LETTERS TO THE EDITOR
Kudos to Danny Jordan for his guest opinion Oct. 11 calling for the participation of men in the struggle for domestic peace.
As project director of the Health Care Coalition of Southern Oregon, I want you to know our organization promotes health care for the underserved populations of Douglas, Jackson and Josephine counties. Our staff understands the complexities of family life and the need for education and interventions in the lives of families.
The high-risk pregnant and parenting women we serve often suffer from maternal depression and anxiety during the prenatal and postpartum periods and need partners and community men to extend compassion and to be a safe resource.
Let us continue to work diligently to provide safe and supportive environments for our newborns, mothers and families. — Lillian Koppelman, Project Director, Health Care Coalition of Southern Oregon
As a longtime advocate of populist causes, I'd like to share the inspiration I draw from those camped out near the New York Embezzlements Exchange, near St. Crassus' Cathedral in London, and everywhere from Athens to Ashland.
Many of our ancestors, in many wars, laid down lives and limbs to create a United States of America that would belong to all its citizens. That dream is simultaneously threatened and calling us out for a glorious moment of American struggle and change.
While 1 percent hold 40 percent of the wealth, American kids go without winter coats, cancer patients go without treatment and the disabled usually can't get adequate services to lead acceptable lives. Instead, billionaires amass more yachts and mansions than six generations could use, and play a game of capitalist darts in which money is just the scoreboard and we're the dartboard. — Sean Lawlor Nelson, Ashland
Brad Martinkovich (Oct. 5) suggests that simply leaving a door open shouldn't obligate a couple to "provide (a couch-sleeping stranger) with shelter, food, medical care and tuition ... ."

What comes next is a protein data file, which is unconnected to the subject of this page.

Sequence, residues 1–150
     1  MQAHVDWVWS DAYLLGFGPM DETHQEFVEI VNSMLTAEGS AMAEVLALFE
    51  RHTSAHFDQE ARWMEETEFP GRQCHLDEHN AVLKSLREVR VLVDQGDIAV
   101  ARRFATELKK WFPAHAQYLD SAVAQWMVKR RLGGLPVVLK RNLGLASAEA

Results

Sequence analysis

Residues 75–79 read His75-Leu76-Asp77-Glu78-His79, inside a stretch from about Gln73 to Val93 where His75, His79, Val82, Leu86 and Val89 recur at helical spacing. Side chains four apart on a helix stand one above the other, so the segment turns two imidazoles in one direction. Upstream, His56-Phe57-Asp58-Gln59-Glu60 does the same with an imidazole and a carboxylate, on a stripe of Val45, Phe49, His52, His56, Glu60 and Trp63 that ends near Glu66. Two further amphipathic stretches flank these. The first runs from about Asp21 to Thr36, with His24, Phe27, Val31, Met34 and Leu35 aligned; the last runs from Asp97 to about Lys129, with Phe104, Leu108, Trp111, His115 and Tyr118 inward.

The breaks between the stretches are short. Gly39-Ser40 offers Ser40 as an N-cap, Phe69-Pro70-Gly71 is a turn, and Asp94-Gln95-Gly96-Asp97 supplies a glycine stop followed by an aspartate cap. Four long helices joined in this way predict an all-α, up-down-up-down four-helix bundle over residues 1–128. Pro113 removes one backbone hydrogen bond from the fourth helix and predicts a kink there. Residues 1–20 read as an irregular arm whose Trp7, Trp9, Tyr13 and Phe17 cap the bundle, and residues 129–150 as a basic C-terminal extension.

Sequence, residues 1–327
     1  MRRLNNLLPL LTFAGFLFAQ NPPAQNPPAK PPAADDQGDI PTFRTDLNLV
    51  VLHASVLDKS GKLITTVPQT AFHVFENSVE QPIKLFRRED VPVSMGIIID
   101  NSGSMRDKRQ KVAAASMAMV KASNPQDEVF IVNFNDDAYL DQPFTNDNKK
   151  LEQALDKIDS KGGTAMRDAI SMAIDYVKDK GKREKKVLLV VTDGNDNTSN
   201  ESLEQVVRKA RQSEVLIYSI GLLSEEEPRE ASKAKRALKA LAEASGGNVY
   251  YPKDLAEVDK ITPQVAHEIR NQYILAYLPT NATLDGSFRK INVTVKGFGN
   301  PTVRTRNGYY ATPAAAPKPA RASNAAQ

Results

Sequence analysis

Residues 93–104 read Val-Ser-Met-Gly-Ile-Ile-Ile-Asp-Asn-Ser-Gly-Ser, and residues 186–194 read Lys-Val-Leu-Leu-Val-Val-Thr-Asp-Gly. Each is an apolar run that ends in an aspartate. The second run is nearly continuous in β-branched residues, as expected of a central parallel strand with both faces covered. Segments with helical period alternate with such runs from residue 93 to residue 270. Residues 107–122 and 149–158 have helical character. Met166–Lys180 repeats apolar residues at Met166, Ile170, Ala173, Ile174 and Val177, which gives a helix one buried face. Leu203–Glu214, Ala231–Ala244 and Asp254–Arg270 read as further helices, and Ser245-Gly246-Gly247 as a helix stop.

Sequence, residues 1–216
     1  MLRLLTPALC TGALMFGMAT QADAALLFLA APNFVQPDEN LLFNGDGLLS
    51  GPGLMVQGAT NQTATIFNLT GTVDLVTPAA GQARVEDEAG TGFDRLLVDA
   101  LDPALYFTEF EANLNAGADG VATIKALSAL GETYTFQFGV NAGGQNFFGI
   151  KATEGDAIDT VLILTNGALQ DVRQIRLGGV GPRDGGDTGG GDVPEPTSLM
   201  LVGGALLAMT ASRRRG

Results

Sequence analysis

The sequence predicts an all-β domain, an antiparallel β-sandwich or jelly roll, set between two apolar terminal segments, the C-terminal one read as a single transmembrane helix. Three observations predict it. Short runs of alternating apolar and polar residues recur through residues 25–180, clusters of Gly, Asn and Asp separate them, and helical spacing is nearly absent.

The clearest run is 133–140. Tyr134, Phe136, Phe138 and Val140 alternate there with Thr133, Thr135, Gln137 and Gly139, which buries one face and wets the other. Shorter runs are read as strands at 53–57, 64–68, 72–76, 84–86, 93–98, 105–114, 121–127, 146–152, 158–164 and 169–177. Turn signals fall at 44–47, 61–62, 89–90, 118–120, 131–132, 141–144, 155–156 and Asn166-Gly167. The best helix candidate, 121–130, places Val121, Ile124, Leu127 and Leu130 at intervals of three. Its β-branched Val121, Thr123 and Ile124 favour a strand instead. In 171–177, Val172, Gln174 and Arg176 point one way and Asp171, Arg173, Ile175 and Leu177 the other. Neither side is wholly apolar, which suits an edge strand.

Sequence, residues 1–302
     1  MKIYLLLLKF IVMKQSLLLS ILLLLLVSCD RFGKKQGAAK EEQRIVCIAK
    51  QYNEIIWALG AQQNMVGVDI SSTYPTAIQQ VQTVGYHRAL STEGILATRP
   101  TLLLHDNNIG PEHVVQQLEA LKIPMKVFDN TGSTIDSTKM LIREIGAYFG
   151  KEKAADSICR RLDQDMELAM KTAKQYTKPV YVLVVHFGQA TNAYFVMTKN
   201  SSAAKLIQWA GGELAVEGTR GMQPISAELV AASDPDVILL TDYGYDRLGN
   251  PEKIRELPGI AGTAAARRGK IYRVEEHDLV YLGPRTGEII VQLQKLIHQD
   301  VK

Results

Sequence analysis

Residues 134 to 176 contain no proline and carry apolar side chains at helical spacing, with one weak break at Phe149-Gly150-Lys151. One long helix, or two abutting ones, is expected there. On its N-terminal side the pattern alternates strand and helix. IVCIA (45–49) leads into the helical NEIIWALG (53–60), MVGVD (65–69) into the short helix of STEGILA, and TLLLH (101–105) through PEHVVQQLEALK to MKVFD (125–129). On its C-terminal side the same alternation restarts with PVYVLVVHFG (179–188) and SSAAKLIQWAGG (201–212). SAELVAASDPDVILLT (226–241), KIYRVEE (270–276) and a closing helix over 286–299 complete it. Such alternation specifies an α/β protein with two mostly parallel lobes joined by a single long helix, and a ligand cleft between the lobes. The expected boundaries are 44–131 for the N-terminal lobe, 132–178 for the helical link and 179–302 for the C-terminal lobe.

Martinkovich's stranger is an illegal immigrant. It may surprise him that abortion advocates sometimes make the same argument regarding abortion — that preborn babies are invaders and therefore merit nothing from their parents.
Suppose it isn't an illegal immigrant in the couple's house but their own child? Of course, the couple are obligated to "provide ... shelter, food (and) medical care." This obligation trumps the parents' "choice" and bodily rights.
Why must parents care for their children? Kids don't wander into their parents' lives through an open door. Parents create their child, incapable of caring for herself. The child is "in the house" because parents forced her there. Because parents cause their child's dependency, they're indebted to fulfill her needs. Like all debts, parental obligation should be enforced by law.
When do parents cause their child's neediness? When the child's life begins: at conception. Therefore, parental obligation begins at conception.
To reject your baby, born or preborn, is like forcing the child up in an airplane and kicking her out to her death. It's called murder. — Jacob O. Layer, Medford